WASHINGTON – Top U.S. national security officials on Monday warned congressional Republicans and Democrats demanding a new war authorization that existing laws governing combat operations against terrorist groups are legally sufficient and that repealing them prematurely could signal the United States is backing away from the fight.
During testimony before the Senate Foreign Relations Committee, Secretary of State Rex Tillerson and Defense Secretary Jim Mattis urged Congress to tread carefully. If lawmakers are compelled to replace the post-Sept. 11, 2001, laws, the two secretaries cautioned them against imposing restrictions and conditions on American military forces that allow their enemies "to seize the initiative."
Tillerson and Mattis said President Donald Trump doesn't have permission from Congress to attack North Korea, but they indicated the U.S. Constitution gives him that power in certain circumstances where U.S. citizens and national security interests are being imminently threatened.
The response troubled several Democrats who have expressed concerns over Trump's confrontational statements toward North Korea and its budding arsenal of nuclear weapons. Sen. Chris Murphy, D-Conn., asked if the act of possessing a nuclear weapon capable of striking the U.S. qualified as an imminent threat, but both witnesses declined to answer.
"Secretaries Tillerson and Mattis's responses to my questions about the Administration's war powers in North Korea were very worrying," Murphy said. "The fact is, no president has unlimited power to start a war without congressional approval."
Murphy and several other Democrats are planning to introduce legislation that would prohibit Trump from starting a pre-emptive war against North Korea, absent an imminent threat or without express authorization from Congress.
The testimony from Tillerson and Mattis came as the deadly ambush in Niger earlier this month is igniting a push among many lawmakers to update the legal parameters for combat operations overseas.
Roughly 800 U.S. service members are in Niger as part of a French-led mission to defeat the extremists in West Africa. There are hundreds more American forces in other African countries.
The bulk of the nearly three-hour hearing centered on arcane but crucial laws known as authorization for use of military force. One, to fight al-Qaida, was approved a week after the Sept. 11 attacks. A separate authorization for the war in Iraq approved by Congress in 2002 also remains in force.
Tillerson and Mattis said if Congress does pursue a new authorization for foes such as Islamic State militants, it's imperative the existing laws not be rescinded until a new one is fully in place. Tillerson and Mattis also said any new war authorization, like the existing ones, should not have any geographic or time restrictions so as not to tip the enemy off.
"We cannot put a firm timeline on a conflict against an adaptive enemy who would hope that we haven't the will to fight as long as necessary," Mattis said. "Instead we must recognize that we are in an era of frequent skirmishing, and we are more likely to end this fight sooner if we don't tell our adversary the day we intend to stop fighting."
A growing number of congressional Republicans and Democrats, many of whom were startled by the depth of the U.S. commitment in Niger and other parts of Africa, have been demanding a new war authorization. They've argued that the dynamics of the battlefield have shifted over the past 16 years and it's past time to replace the post-Sept. 11 authorization to fight al-Qaida with a law that reflects current threats.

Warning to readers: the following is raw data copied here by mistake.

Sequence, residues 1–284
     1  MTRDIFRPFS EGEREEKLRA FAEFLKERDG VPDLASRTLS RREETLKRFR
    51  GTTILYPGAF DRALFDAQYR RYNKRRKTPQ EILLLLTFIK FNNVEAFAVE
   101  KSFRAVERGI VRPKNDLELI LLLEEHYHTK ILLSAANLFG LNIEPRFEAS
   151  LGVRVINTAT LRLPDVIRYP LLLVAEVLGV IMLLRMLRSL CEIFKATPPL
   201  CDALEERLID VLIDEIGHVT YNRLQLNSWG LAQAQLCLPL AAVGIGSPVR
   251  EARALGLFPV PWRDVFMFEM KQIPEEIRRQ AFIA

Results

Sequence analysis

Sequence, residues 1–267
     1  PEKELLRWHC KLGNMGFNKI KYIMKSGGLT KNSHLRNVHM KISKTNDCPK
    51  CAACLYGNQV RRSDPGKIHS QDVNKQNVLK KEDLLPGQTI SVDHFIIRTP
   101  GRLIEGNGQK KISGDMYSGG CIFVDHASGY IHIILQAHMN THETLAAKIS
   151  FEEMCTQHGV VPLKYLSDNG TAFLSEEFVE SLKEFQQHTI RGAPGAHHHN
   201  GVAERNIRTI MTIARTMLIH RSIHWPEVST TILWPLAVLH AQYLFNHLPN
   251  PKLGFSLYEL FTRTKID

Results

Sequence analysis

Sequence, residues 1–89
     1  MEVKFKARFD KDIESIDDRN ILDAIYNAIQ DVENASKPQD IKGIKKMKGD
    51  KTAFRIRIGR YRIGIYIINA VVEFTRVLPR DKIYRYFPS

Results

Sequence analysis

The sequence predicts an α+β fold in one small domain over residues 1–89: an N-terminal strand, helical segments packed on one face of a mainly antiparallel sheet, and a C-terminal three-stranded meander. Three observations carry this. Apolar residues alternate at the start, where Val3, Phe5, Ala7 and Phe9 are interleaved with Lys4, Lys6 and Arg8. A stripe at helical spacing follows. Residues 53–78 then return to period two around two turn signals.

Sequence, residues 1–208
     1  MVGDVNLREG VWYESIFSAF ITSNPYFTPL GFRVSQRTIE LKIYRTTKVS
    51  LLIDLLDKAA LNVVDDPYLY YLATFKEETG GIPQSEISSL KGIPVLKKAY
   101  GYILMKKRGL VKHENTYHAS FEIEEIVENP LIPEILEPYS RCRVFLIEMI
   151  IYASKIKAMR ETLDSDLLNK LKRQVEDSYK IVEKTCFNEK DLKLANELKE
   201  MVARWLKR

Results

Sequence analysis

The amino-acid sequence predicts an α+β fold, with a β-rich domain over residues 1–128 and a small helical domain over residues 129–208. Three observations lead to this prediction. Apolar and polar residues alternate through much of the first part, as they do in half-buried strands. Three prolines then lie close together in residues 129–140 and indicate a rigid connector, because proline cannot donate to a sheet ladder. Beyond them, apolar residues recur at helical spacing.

Sen. Jeff Flake, R-Ariz., highlighted the fact that none of the 21 members of the committee were members of the Senate when the 2001 war authorization was approved. Flake and Sen. Tim Kaine, D-Va., are sponsoring legislation for a new war authority for operations against the Islamic State group, al-Qaida and the Taliban.
Flake said he understood the reluctance expressed by Mattis and Tillerson not to telegraph when U.S. troops might depart a particular war zone. But he said that concern is "overwhelmed in a big way by not having Congress buy in, and us not having skin in the game."
"It simply allows us to criticize the administration, Republican or Democrat, if we don't like what they're doing because we haven't weighed in," Flake said.
U.S. troops also are battling an enemy — Islamic State militants — that didn't exist 16 years ago in a country — Syria — that the U.S. didn't expect to be fighting in. Nor did the 2001 authorization anticipate military confrontations with the Syrian government. Trump in April ordered the firing of dozens of Tomahawk missiles at an air base in central Syria, and American forces in June shot down a Syrian Air Force fighter jet.
Beyond that, Trump has approved a troop increase in Afghanistan, the site of America's longest war, and the U.S. backs a Saudi Arabia-led coalition carrying out airstrikes in Yemen.
But previous attempts to ditch the old authorization and force Congress to craft a new one have failed.
"So far, Congress has been unable to bridge the gap between those who see a new (war authorization) as primarily an opportunity to limit the president and those who believe constraining the commander in chief in wartime is unwise," said Sen. Bob Corker, R-Tenn., the committee chairman. "And unfortunately, the inability to reconcile this divide without threatening the existing authorization has allowed the status quo to prevail."
Associated Press writers Andrew Taylor and Josh Lederman contributed to this report.
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